But, anyways: I think if Cillian works on his protagonists, fleshes them out and trusts them to lead his story (and not the other way around), then he could really have something great here. I will give this one a "More Please", but with the strong caveat that your concept can only take you so far if we don't care about the plight of the people in your story. As it is, this is still a very bad-ass script for me, and I had a great time reading it.

Please guys, add your own thoughts below! No right or wrong answers here.


( )Trash It 
( )Take Another Pass 
(*)More Please 
( )Somebody Shoot This!

Dan's Notes

What did you think of Cillian's 1st 10 pages?

Next week Amy will give feedback on the 1st 10 pages of Martin Dolan's ROCK NOT DEAD.



  1. Nice job guys, both with the review and pages. I love the opening scene. Intense!

  2. Very interesting first 10. This kind of genre and concept is right up my alley so I was hooked from the get-go. As far as Elena is concerned I agree she could stand out more in the first 10, though I have no idea what happens later on in the script. For instance, what is her true goal? Is she trying to take down the facility? Perhaps if we saw her trying to sabotage the operation and free the girl before her ADE it would make her stand out more. Try putting in some indicator (hopefully visual) that Elena is not just some employee going through the motions. Hope that helps.

  3. that's a neat idea! yeah i would think that elena, after seeing a gruesome death like that, should be inspired to do something about it. as it is now though, they've had several of these incidents before but everyone's still going along like it's no big deal.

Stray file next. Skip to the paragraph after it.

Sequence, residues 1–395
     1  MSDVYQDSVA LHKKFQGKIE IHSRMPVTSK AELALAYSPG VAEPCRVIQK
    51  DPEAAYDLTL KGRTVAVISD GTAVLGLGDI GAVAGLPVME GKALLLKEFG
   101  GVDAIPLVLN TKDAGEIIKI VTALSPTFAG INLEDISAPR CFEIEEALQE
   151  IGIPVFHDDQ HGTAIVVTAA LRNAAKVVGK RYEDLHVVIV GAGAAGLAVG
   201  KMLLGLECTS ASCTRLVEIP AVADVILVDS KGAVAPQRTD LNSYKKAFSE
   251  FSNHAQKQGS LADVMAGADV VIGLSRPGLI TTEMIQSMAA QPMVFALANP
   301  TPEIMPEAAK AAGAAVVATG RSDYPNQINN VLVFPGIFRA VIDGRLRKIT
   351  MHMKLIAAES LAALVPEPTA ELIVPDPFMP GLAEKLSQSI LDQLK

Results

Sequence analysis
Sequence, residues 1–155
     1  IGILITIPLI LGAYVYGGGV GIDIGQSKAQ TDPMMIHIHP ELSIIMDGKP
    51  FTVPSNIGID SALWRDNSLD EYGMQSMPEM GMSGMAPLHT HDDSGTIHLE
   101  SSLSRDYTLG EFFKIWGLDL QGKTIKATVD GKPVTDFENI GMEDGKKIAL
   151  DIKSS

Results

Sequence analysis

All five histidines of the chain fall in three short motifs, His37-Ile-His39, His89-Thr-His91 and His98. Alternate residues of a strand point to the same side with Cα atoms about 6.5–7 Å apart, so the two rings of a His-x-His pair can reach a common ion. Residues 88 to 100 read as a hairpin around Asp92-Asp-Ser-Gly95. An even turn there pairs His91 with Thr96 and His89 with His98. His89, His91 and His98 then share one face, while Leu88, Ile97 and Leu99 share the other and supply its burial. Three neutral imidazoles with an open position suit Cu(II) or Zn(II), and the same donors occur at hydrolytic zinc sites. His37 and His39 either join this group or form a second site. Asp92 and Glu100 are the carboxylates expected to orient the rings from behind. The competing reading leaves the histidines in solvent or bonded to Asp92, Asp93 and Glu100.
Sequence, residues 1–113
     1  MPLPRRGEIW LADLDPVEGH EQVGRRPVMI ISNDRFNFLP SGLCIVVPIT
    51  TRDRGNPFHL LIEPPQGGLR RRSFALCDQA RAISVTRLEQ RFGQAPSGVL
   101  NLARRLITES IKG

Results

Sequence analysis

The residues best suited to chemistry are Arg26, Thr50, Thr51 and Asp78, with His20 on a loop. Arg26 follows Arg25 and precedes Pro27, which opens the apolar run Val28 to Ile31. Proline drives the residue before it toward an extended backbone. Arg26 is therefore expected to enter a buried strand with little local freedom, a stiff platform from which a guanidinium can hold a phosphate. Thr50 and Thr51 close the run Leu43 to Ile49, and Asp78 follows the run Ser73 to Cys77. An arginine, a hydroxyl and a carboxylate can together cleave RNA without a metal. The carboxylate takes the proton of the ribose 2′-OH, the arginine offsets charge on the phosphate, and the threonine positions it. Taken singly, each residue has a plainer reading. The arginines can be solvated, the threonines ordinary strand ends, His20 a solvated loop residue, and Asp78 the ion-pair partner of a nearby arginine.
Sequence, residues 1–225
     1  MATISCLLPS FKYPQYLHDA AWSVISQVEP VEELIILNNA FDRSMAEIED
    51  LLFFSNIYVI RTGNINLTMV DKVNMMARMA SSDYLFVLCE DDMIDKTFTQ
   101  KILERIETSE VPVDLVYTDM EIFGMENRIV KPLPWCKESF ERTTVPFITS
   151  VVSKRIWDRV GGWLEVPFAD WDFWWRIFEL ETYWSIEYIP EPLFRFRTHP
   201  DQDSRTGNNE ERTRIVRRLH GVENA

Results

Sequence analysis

4. Good opening, it kept the pages turning. Nice job explaining the procedure to us by having Elena explain it to Kelly. It’s a good way to get the exposition across without being obvious.

    Nice hook with Ben and the scar. Definitely piqued my curiosity.

    I didn’t see what the others were saying about Elena. She seemed disturbed by Kelly’s death and even embarrassed that she was still taking her vacation. If I were reading the entire screenplay, I wouldn’t expect a major shift in Kelly’s character until the first act break. As is, we see what type of person she is by how she reacts to Kelly’s accident. She doesn’t stand back, removed from the situation. She panics. I think the writer has made her human and relatable.

    Overall, I thought the writer did a great job of setting up the plot and pulling us in. I’d read more.

  5. thanks for your comments! i get what you're saying about elena, i think it's just the fact that this has been going on for a while apparently, and it's all on elena and ben, but they're still doing it everyday. it's a little surprising that no one's taken action before like quitting or refusing to do the tests, but maybe there's the fear of losing your job, etc.

  6. Thanks for the comments so far guys. I've received character notes on Elena suggesting that we don't get to know her or see her motives from the start. I'd hoped to get that across as the story unfolds rather than start her day at home alone with her cat etc. but I do have some simple improvements I want to make that should help clear up the issues raised above, of which I'm hugely appreciative. The ambiguity, in relation to the situation at the company, I hope, pays off later in the screenplay, but I could do more to aid that early on. There are a few very good points made that I hadn't noticed, Dan's point about the dialogue is well made.

    Again, thank you all for the comments. Glad ye liked it!


  7. Hey Cillian! Great job again. Really did enjoy it. Yeah, I'd say the most important thing is just making sure Elena comes across as a real person. Holding plot points back is totally fine and usually a great idea, as long as we want to know what happens to her and so we keep reading.